Due to the interaction of cocking lever 10, drag lever 13 and pawl 15 the marksman can loosen his hold after the two levers 10 and 13 have been cocked, the cocking lever 10 moving partly backward without affecting the cocked position of the drag lever 13. Not before the cocking lever 10 has at least almost reached its swivelled out rest position, the drag lever 13 also snaps back into its rest position. As can be seen in FIG. 3, the drag lever 13 upwardly extends in the direction toward the bore axis. At this free end a transmission lever 20 is arranged to swivel about an axle 21 and as can be seen from the representation in FIG. 3, said lever is loaded clockwise by a leg spring 22 which, on the one hand, bears against drag lever 13 and, on the other hand, against the side of the transmission lever 20 facing away from the bore axis. Thus, the transmission lever 20 which is accommodated in channel 23 worked into grip 1 bears against the channel edge in the vicinity of the bore axis, unless other forces are acting on said lever. The free end of the transmission lever 20 which consists of a flat strip of material and longitudinally extends at an acute angle to the bore axis, is bent at a right angle. With the drag lever 13 being uncocked, this bent edge 24 is positioned above a stop 55 and thus in that path of motion of firing pin nose 45. The other end of the transmission lever 20 is located in the vicinity of trigger 4 which can be swivelled about a trigger axle 25. The trigger 4 extends into the grip and to the end of this extension a trigger bar 26 is pivoted the free end of which is provided with a trip stop 27. The free end of the trigger bar 26 is loaded by a helical tension spring 28 which keeps the trigger bar 26 approximately in the position represented in FIG. 3.
Approximately halfway between the trigger axle 25 and the bore axis or barrel axis an axle 29 being approximately parallel to the trigger axle 25 is arranged about which a one-armed interrupting lever 30 can be swivelled the free end of which is provided with a downwardly directed nose 31 which, in the rest position, immediately adjoins the center portion of the trigger bar 26, said nose being located in the same plane as the trigger bar. With the breech block mechanism being closed, i.e. if the breech block mechanism is in its forward end position, the interrupting lever 30 is in the position represented in FIG. 3 in which it does not influence the position of the trigger bar 26. The breech block is provided with a projection or an edge which cooperates with the nose 32 located at the free end of the interrupting lever 30 if the breech block is more than a small distance away from the closed position. Due to the cooperation between nose 32 and breech block the interrupting lever 30 is therefore always swivelled towards the trigger bar 26 if the breech block mechanism is insufficiently closed. Due to the swivel motion of the interrupting lever 30 the trigger bar 26 is also swivellled so that the trip stop 27 is disengaged from the neighbouring end of the transmission lever against the action of the helical tension spring 28.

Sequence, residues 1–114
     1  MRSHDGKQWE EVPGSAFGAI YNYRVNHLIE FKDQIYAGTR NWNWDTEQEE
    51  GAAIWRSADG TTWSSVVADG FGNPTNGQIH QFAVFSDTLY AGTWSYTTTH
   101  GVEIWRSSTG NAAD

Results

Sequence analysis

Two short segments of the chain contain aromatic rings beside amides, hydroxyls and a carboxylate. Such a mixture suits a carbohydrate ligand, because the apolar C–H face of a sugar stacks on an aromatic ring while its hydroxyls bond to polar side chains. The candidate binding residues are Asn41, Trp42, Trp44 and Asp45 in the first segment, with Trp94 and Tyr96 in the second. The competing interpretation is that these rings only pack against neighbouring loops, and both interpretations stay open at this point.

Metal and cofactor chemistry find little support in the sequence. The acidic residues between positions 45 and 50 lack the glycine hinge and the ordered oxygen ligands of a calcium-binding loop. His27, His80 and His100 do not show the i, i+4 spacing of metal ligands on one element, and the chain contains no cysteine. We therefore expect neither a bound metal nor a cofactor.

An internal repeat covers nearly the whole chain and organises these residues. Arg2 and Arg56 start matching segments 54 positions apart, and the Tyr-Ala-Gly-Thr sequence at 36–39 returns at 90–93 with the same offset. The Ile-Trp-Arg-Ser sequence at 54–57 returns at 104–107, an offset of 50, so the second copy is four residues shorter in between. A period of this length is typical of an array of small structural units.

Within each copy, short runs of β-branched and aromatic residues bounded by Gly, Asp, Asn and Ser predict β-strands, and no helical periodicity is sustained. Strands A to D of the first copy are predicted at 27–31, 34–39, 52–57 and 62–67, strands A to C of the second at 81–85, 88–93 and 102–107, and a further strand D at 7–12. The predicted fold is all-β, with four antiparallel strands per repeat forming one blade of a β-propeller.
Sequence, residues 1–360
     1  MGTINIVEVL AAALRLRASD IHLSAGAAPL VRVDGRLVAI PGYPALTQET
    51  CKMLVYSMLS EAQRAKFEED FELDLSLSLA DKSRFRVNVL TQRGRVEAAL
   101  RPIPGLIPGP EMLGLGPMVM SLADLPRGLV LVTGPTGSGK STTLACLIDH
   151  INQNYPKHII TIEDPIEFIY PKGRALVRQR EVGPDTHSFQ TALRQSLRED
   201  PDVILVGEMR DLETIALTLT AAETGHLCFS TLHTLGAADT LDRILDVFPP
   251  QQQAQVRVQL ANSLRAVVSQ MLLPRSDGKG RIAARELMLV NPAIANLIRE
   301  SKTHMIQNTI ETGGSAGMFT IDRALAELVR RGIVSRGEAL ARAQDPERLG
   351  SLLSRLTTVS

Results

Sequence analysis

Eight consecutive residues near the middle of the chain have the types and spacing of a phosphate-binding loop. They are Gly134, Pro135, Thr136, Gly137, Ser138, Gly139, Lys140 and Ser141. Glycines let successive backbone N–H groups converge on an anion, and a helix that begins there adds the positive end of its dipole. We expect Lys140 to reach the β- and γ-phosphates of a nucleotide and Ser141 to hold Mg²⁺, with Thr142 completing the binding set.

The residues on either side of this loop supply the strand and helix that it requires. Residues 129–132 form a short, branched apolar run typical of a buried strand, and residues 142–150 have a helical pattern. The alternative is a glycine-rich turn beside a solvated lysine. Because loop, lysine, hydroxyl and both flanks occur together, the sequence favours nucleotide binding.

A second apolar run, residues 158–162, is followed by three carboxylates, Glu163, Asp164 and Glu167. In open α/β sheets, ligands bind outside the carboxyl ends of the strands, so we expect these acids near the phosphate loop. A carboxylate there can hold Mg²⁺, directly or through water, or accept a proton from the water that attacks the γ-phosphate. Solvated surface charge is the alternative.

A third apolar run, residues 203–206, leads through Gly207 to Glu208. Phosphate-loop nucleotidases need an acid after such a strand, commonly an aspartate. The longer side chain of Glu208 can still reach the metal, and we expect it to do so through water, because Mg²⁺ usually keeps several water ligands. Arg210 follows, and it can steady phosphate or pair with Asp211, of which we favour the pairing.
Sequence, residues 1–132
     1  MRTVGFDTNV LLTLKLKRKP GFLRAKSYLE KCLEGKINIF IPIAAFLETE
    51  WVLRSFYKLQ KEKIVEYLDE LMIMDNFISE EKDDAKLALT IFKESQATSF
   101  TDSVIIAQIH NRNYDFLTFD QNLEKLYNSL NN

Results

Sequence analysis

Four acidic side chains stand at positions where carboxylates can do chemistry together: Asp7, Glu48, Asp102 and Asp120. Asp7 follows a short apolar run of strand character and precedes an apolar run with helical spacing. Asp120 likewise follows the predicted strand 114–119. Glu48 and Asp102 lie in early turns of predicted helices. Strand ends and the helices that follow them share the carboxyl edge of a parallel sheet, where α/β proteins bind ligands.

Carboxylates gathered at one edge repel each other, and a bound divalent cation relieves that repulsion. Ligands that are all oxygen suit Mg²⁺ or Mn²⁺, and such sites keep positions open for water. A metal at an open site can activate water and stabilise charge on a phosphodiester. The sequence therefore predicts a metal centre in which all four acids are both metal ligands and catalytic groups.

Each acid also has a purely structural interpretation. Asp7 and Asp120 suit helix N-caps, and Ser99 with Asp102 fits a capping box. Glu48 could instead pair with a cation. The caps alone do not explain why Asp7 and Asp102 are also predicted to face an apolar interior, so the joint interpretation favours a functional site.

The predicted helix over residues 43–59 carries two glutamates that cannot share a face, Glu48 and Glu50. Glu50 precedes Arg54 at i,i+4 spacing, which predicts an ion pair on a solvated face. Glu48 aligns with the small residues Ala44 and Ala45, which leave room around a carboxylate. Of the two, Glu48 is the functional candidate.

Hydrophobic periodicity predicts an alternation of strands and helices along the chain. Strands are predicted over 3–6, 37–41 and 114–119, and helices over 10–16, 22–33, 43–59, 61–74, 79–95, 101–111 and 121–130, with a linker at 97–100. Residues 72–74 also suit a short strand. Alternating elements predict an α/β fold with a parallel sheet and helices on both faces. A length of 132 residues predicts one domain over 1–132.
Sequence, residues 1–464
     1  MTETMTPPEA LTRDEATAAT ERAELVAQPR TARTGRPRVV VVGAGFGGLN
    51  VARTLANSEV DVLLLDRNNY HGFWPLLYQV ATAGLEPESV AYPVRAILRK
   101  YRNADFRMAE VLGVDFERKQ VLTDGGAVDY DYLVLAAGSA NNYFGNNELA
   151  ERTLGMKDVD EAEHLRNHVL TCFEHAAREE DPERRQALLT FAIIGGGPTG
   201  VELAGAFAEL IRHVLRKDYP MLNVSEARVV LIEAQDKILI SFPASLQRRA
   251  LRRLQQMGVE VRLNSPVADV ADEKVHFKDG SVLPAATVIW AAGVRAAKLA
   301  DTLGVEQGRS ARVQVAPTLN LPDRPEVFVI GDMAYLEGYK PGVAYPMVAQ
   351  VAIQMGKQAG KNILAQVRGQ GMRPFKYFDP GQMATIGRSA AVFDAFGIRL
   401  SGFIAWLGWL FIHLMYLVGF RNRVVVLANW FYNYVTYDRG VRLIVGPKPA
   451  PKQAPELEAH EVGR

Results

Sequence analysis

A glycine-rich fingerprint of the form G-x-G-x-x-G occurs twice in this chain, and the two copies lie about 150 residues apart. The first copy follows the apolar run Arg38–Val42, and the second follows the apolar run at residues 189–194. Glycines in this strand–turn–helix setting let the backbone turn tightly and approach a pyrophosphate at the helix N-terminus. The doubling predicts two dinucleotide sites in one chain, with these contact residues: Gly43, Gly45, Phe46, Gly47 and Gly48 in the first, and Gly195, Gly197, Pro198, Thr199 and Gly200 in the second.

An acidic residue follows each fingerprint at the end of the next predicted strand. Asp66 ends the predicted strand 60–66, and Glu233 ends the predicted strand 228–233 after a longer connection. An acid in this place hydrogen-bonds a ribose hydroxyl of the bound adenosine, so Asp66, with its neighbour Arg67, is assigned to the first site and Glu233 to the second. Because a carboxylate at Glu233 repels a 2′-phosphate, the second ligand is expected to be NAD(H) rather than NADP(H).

At a shifted position in the axial direction a breech block catch lever 33 (FIG. 2) is arranged to swivel about axle 29. This lever is designed as a toggle lever the longer lever arm of which extends approximately parallel to the bore axis from axle 29 against the firing direction. Its shorter arm extends at an angle of approximately 60° thereto up to the vicinity of the free end of drag lever 13 or cocking lever 10. A resetting spring 34 retains the breech block catch lever 33 in the position represented in FIG. 2 by solid lines. The longer arm of the breech block catch lever 33 which is designed as sheet-metal stamping is provided with a tab 35 bent at a right angle which projects into the path of motion of the follower 7 of magazine 6. The position of tab 35 is such that the follower 7, under the action of the follower spring 8, transmits a force to the breech block catch lever 33 via tab 35 after the last cartridge 9 in magazine 6 has been pushed out. If the breech block 42 which is only represented by dashed lines performs a recoil motion after the last cartridge has been fired, the breech block catch lever 33 moves into the position represented in FIG. 2 by dashed lines so that a bevelled edge 36 provided at the free end of the longer lever arm projects into the path of motion of breech block and the front face of the recoiling breech block bears with an edge 37 against the bevelled edge 36 under the action of a closing spring. Thus, the breech block mechanism remains open after the last cartridge has been fired.
To enable the breech block mechanism to be closed, a rocker 38 is provided which can be swivelled about an axle 39 which, in turn, is arranged in the vicinity of the free ends of the short lever arm of the breech block catch lever 33 or at the free end of the drag lever 13. A leg spring 40 acting on two cams of the rocker 38 keeps the rocker 38 in the position represented in FIG. 2. Upon cocking of the drag lever 13 a nose 41 of drag lever bears against the one end of the rocker 38 and swivels the latter counter-clockwise so that the other end of the rocker presses on the free end of the short lever arm of the breech block catch lever 33 and swivels the latter back into the normal position represented in FIG. 2 by solid lines, the bevelled edge 36 being thereby swivelled out of the path of edge 37 whereupon the closing spring moves the breech block 42 back into the closing position (a cartridge being possibly introduced). The rocker is therefore dimensioned so that, when the breech block catch lever is in the position represented in the drawing by solid lines, the rocker moves past the end of the shorter lever arm and contacts the latter only if it is in the catch position. The end of the rocker 38 engaging the nose 41 of the drag lever 13 is designed so that, respectively towards the end of the swivel-in or swivel-out motion of the drag lever 13 said end is swivelled beyond nose 41 into the center position represented in FIG. 2.